Often, when leasing out a new space, tenants will find that the space requires customization for their specific business needs. Before signing a lease, tenants usually have an opportunity to discuss that customization with the landlord and request for certain tenant improvements to be made before taking over the space.
Tenant improvements (TI) are the customized changes or repairs that a landlord makes to the property as part of the lease agreement. They are “a pre-negotiated amount of money that a landlord will provide a tenant to cover a portion of construction costs to customize the space for their specific needs,” said Mindy Williams-McElearney, Director at the global construction consulting firm Turner & Townsend. Generally, a tenant requests specific improvements or a tenant improvement allowance that the landlord agrees to in the lease before the tenant occupies the space. However, tenant improvements don’t cover everything. Some things that qualify as tenant improvements include walls, HVAC, electric, plumbing, paint, carpets, windows or doors, among other hard and soft costs.
What tenant improvements do not include, though, are miscellaneous expenses specific to an individual tenant’s needs. Generally, a landlord will not pay for an expense if the improvement will not be beneficial or appealing to the next tenant who will occupy the space, or if it’s something that can be removed and taken when the tenant leaves, offering no future benefit to the landlord. Tenant improvements are usually trade fixtures. Some examples of items that are not included in tenant improvements are furniture, specific equipment, moving expenses or electronics.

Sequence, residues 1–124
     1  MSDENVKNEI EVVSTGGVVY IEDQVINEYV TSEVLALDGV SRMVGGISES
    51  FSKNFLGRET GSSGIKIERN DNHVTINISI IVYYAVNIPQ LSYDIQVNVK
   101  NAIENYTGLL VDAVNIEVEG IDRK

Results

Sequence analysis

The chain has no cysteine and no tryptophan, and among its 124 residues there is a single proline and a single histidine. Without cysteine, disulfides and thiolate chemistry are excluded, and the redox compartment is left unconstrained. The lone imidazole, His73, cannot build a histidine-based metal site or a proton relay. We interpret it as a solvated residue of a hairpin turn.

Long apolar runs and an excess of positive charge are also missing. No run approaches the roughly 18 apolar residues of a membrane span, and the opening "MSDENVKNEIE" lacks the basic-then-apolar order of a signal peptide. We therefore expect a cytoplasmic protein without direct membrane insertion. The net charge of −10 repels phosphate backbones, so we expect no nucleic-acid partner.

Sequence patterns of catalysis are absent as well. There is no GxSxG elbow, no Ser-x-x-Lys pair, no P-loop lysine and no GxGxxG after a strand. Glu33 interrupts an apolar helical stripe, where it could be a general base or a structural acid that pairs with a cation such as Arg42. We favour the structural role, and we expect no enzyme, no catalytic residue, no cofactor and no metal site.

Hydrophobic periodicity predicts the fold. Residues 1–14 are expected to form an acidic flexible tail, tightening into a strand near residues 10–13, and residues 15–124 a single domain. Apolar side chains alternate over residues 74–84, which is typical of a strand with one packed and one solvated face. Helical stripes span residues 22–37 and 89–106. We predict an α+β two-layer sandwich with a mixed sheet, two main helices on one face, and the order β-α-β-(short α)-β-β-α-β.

In commercial leases, the landlord usually pays for tenant improvements with an agreed-upon tenant improvement allowance. The TI allowance is clearly stated in the lease and comes out of the landlord’s finances. If costs of the improvements exceed that allowance, the tenant pays the difference. The TI allowance is usually expressed as a dollar sum or per-square-foot (PSF) amount and is negotiated before the lease signing, said Williams-McElearney. Landlords are not required to offer a TI allowance, and if the lease market is strong, with high demand for the property, they are less likely to offer that allowance. However, it’s become more common practice in recent years for TI allowances to show up in lease agreements, as an added perk of leasing a particular space.